- Luis Buñuel's Simón del desierto (Simon of the Desert, 1965) is a humorous film about the life of a stylite.
- In Terry Pratchett's Small Gods, a book from the Discworld series, a character named St. Ungulant lives on top of a pole.
- In the episode Souvenirs of the TV series M*A*S*H, Cpl. Klinger sets a pole sitting record.
- In Anatole France's Thaïs, Paphnuce, on his path to damnation, becomes a stylite, but unwittingly falls to temptation.
- In Ace Ventura: When Nature Calls, Pole-Standing was a rite of passage for a native tribe.
- A stylite-type figure is featured in the first two episodes of the second season of the HBO series The Leftovers.
- In Two for Joy, the second book in Mary Reed and Eric Mayer's John, the Lord Chamberlain series of historical mystery novels set in 6th-century Constantinople, three stylites in a row spontaneously combust during a lightning storm leaving John the Lord Chamberlain suspecting foul play.
- In Douglas Adams's Mostly Harmless, Arthur Dent travels to a planet of prophets where he encounters an old man who lives on platforms on top of very high poles.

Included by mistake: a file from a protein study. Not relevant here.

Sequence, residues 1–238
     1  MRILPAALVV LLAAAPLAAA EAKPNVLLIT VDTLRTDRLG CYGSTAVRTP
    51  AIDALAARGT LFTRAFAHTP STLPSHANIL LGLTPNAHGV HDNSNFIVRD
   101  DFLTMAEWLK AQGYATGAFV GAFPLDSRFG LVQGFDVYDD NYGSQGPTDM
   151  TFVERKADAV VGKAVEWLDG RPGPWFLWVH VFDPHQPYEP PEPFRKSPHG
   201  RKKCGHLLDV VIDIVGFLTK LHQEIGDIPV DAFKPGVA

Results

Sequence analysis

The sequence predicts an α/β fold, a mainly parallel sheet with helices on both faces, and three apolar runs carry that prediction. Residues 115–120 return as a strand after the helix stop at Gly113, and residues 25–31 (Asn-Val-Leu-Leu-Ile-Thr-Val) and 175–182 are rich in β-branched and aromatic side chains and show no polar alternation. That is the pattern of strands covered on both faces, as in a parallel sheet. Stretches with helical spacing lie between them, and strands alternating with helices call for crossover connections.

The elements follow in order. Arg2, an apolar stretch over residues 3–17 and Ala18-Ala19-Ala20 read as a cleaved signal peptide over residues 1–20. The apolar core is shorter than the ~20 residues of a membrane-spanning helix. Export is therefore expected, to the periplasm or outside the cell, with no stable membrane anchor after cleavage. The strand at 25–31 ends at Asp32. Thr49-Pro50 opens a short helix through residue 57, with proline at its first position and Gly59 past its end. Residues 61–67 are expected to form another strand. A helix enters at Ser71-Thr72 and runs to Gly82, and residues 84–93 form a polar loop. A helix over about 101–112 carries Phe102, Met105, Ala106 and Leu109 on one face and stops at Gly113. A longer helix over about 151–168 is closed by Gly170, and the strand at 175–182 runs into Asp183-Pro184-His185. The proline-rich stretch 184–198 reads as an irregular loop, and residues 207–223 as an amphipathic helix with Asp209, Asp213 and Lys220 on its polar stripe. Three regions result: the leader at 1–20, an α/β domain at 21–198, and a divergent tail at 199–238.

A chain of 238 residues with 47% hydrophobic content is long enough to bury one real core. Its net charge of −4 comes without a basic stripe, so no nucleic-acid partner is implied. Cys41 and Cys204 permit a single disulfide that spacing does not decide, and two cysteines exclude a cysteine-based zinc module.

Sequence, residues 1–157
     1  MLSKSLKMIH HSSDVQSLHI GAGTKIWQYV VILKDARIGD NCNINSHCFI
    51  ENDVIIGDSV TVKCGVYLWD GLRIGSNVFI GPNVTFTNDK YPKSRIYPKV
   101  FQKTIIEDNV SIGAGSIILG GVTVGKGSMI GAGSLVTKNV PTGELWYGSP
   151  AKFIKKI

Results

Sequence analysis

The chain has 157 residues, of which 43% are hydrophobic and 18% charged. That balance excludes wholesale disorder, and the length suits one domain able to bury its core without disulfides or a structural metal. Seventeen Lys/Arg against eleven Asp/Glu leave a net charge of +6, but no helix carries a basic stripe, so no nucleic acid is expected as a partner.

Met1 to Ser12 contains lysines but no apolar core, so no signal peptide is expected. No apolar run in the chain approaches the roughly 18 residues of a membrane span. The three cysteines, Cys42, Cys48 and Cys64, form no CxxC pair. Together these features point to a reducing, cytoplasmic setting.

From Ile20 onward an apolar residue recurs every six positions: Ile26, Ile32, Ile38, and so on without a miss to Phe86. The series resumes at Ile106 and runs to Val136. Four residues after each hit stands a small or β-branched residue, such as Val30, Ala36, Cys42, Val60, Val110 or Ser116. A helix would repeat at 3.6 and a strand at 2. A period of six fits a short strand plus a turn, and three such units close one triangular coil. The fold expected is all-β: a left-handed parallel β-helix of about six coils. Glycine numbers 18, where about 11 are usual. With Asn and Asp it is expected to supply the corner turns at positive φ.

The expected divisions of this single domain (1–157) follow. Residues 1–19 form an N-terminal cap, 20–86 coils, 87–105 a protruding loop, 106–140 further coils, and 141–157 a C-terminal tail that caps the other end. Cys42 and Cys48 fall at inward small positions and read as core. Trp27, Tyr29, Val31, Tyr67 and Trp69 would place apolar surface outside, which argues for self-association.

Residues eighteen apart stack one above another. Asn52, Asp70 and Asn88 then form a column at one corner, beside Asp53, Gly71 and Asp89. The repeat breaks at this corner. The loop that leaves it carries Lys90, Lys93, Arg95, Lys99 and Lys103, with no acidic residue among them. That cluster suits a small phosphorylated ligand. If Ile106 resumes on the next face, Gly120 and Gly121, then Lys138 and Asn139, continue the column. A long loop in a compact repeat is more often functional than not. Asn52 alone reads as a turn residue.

- Palladius of Galatia (1918). The Lausiac History of Palladius. trans., W. K. Lowther Clarke. The Macmillan Company. pp. 154–155. Retrieved 7 November 2016.
- Thurston, Herbert. "Stylites (Pillar Saints)." The Catholic Encyclopedia Vol. 14. New York: Robert Appleton Company, 1912. 9 December 2021 This article incorporates text from this source, which is in the public domain.
- Collins, Roger (2007). Early Medieval Europe, 300-1000. Bloomsbury. p. 77. ISBN 9781137014283. Retrieved 11 November 2021.
- Franz Xaver Kraus (1898), "Wulflaich", Allgemeine Deutsche Biographie (ADB) (in German), vol. 44, Leipzig: Duncker & Humblot, pp. 286–287
- Bardzimashvili, Temo. "Georgian Monk Builds Stairway to Heaven", eurasianet, August 27, 2010
- "Upon this Rock (2013) – IMDb". IMDb. Retrieved 7 November 2016.
- Adams, Douglas (1993). Mostly Harmless. London: Heinemann. pp. 79–84. ISBN 0-330-32311-3.
- This article incorporates text from a publication now in the public domain: Herbermann, Charles, ed. (1913). "Stylites (Pillar Saints)". Catholic Encyclopedia. New York: Robert Appleton Company.
- The Life of Saint Simeon Stylites: A Translation of the Syriac in Bedjan’s Acta Martyrum et Sanctorum, Frederick Lent, translator 1915. Reprinted 2009. Evolution Publishing, ISBN 978-1-889758-91-6
- Last of the Stylites